FIRST STAR Cam Ward, CAR --- 23 saves (16 in the 3rd), win

Without the Frenchman, this game would have been a runaway for Carolina. Huet deserves high marks for his heroic effort.

With help from his friends, Ward was able to win his fourth straight game, and now has a GAA of 1.80 and a save percentage of .943. With four wins, he stands behind only Martin Gerber in that category. And oh yeah, he beat Gerber on Thursday night.

Carolina has now won eight straight games in the Molson Bell Centre, dating back to the 03-04 season.

Tampa and Washington both lost tonight, which means that Carolina has increased their Southeast Division lead to three points. Obviously, it's WAY too early to think about playoff pictures, but the boys are off to a very good start.

Friday, October 12, 2007

Canes deal Sens first loss

On Thursday night, the Hurricanes visited Ottawa and became the first team to defeat the Senators this year. The scoreboard said 5-3, but it really wasn't that close at all. Carolina has got to be thrilled with how things went.

After a bunch of nothing early in the first, Erik Cole scored his first goal of the season at 17:23 to give the Canes a 1-0 lead. The Canes were on a power play and were crashing the net hard. Gerber made a great save on Eric Staal, but he completely lost sight of the rebound. After making the save on Staal, Gerber drifted off to his right, following Staal and Justin Williams. The puck, however, was way off to his left. Cole jumped on the rebound and fired it into a completely empty net. Staal and Hamilton had the helpers. Again, Carolina came through on the power play while using the aggressive five-forward system.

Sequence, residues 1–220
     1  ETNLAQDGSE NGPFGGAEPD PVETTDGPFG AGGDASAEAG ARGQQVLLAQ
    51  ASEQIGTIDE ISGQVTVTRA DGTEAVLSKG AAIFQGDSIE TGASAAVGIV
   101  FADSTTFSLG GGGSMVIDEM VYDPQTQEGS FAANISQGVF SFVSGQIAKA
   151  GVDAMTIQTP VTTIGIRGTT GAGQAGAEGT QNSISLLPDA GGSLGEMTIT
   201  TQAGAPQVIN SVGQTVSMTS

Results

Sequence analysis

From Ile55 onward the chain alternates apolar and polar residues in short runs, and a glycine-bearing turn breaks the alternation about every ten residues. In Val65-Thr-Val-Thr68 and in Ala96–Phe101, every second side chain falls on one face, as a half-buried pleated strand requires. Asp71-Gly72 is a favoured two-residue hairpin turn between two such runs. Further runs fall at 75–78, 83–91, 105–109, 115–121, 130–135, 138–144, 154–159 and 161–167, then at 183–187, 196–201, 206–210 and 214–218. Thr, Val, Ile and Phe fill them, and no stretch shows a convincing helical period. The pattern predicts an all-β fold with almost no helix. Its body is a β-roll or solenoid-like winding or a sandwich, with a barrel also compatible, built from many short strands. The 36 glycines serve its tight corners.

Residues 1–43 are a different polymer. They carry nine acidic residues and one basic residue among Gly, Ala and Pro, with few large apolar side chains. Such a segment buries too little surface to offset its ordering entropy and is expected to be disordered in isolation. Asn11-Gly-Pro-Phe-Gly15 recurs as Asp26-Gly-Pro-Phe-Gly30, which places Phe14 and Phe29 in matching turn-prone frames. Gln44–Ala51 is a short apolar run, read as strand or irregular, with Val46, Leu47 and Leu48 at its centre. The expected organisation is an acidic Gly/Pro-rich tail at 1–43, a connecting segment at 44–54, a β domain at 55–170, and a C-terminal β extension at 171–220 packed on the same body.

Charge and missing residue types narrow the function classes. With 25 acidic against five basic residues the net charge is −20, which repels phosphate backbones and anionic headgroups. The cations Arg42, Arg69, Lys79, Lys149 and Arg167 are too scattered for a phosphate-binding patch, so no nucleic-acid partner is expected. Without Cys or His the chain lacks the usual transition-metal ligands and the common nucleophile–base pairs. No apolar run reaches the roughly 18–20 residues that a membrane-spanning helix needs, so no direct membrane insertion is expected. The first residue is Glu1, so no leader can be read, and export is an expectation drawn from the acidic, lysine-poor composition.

1:10 into the second, Matt Cullen gave the Canes an two goal cushion. Chad "Sharpie" LaRose led a charge from the left wing and made a run at the goal. Gerber stopped his shot, but the rebound went in the air and right out front. Matt Cullen was Johnny on the spot, batting it out of the air for the goal. After a brief review to look for a high stick, the goal was allowed to stand.

Dany Heatley got the home team on the board at 4:15 with a nice goal after a beautiful assist by Jason Spezza. Spez now has assists in every game. Wade Redden got the secondary assist on the even strength goal.

At 6:24, Sharpie's hard work led to another Carolina goal. He charged in from the right wing, went hard to the net, and fired a shot. Gerber easily made the save, but his rebound went right out front to the low slot. From there, Rod Brind'Amour shoved it in. Viva got the secondary assist.

The second period was truncated slightly due to a broken glass panel with less than a minute remaining. After the intermission, the period was finished, then they switched sides and started the third.